I was catching up on Mad Men episodes and Peggy was making a pitch to the partners about a Fast Food Restaurant. As she pitched she mimicked a little girl saying “I’m Starving.” It caught me off guard because my husband and I have been very intentional about teaching our children not to say “I’m starving”. Some people think this is silly, I think it’s important.
It started something like this, “Mommy, I’m STARVING” my 6 year old would say a half hour before dinner. Or she would wake up in the morning, “I need some breakfast, I’m STARVING”. And yes, the emphasis is on starving every time.
So one day, I asked her to stop.
“Honey, you’re not starving, your just hungry.”
It took a lot of explaining. Hunger is a feeling, your stomach growls, you’ve just come home from school, or up first thing in the morning- it’s “time” to eat. There are many things that tell you that you are hungry. When we are babies we cry at the hunger pains, as parents we feed our children, as they grow they get “stuffed” at the table until it’s time for dessert and then suddenly they have room in their tiny tummies.
We are even worse as adults. As Americans we barely even reach the feeling of hunger, it is rare we actually get to the point that our stomach growls, if we haven’t eaten in the last three hours we “need to eat” something as it seems we are depriving ourselves.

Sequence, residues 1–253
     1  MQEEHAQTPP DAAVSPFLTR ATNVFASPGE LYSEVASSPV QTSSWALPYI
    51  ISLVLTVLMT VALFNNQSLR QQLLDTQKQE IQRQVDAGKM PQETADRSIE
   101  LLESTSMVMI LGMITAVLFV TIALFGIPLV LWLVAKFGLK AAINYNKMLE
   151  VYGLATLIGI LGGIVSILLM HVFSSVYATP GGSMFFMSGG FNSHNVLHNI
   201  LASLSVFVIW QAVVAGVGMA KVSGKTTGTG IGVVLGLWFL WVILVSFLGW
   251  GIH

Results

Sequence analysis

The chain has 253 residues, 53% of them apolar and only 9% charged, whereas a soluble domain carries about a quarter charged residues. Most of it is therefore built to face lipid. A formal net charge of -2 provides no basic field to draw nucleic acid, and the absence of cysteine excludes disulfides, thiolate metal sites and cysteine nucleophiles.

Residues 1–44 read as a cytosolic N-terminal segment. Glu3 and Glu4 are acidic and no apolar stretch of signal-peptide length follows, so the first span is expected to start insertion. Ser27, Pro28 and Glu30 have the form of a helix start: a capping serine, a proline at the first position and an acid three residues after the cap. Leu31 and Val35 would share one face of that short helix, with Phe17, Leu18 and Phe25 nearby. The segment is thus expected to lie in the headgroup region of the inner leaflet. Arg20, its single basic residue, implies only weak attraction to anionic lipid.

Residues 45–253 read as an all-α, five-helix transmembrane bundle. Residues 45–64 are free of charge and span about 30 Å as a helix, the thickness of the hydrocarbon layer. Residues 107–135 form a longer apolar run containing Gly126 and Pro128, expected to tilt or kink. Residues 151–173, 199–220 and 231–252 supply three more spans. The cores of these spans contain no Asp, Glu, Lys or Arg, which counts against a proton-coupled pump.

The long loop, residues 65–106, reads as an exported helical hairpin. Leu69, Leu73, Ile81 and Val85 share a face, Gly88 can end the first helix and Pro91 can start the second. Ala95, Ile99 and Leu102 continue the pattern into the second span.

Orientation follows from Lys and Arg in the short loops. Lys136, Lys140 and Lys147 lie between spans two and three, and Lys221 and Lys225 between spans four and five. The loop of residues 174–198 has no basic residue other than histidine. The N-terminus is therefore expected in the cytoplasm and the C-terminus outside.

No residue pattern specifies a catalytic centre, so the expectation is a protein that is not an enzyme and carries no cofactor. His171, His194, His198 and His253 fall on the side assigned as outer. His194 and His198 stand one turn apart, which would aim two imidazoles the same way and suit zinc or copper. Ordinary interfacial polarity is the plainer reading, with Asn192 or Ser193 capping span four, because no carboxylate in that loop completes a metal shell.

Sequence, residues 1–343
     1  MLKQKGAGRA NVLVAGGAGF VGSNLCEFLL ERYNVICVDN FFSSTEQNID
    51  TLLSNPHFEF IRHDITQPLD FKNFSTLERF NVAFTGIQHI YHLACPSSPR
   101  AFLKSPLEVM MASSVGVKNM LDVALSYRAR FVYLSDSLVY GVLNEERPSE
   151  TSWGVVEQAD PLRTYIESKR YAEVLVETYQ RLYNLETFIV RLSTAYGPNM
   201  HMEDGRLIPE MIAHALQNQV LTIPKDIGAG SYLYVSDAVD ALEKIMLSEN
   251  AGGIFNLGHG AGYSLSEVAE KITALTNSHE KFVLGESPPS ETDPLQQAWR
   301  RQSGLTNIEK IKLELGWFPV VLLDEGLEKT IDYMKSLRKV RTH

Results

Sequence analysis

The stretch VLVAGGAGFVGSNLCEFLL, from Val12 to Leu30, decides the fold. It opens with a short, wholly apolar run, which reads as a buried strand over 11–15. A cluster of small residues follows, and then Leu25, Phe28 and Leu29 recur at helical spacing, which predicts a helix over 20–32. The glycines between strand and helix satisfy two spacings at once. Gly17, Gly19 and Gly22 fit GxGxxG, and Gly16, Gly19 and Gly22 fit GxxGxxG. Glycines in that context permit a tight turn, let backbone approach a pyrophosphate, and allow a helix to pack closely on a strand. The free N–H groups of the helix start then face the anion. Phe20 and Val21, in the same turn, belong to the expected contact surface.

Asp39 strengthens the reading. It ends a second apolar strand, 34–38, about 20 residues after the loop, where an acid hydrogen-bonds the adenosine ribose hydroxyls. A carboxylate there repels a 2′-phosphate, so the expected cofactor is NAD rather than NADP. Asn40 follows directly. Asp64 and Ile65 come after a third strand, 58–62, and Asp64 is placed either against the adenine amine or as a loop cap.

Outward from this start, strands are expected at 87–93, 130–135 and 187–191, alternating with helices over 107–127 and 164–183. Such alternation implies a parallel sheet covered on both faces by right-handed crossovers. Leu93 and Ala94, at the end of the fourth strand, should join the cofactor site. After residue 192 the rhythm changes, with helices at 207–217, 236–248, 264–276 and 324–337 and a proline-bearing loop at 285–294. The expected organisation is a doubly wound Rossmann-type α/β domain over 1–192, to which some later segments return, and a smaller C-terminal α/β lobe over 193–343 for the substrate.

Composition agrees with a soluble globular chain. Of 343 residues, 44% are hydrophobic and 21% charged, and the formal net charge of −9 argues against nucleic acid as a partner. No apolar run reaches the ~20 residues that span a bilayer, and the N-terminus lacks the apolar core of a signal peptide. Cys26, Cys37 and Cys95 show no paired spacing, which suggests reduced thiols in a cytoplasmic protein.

So my darling child (and my darling self) you are not starving. You are hungry or something just sounds good to you.
If you have eaten today or yesterday you are not starving, if you have food in your fridge and have access to a meal you are not starving. This is what I teach my children. Maybe it’s just semantics to you, maybe this language doesn’t matter, but it does to me. I do believe that my children will grow up to have a better understanding and more compassion for a world in which children do needlessly starve everyday when there is enough for everyone. The generations before them might be trying, but they might actually be able to do it.
There is enough, I would love to see “starving” go into the same vault as polio and small pox. I would love to see it eradicated, and that starts by teaching the youngest among us what it means that they are privileged to have eaten several times today.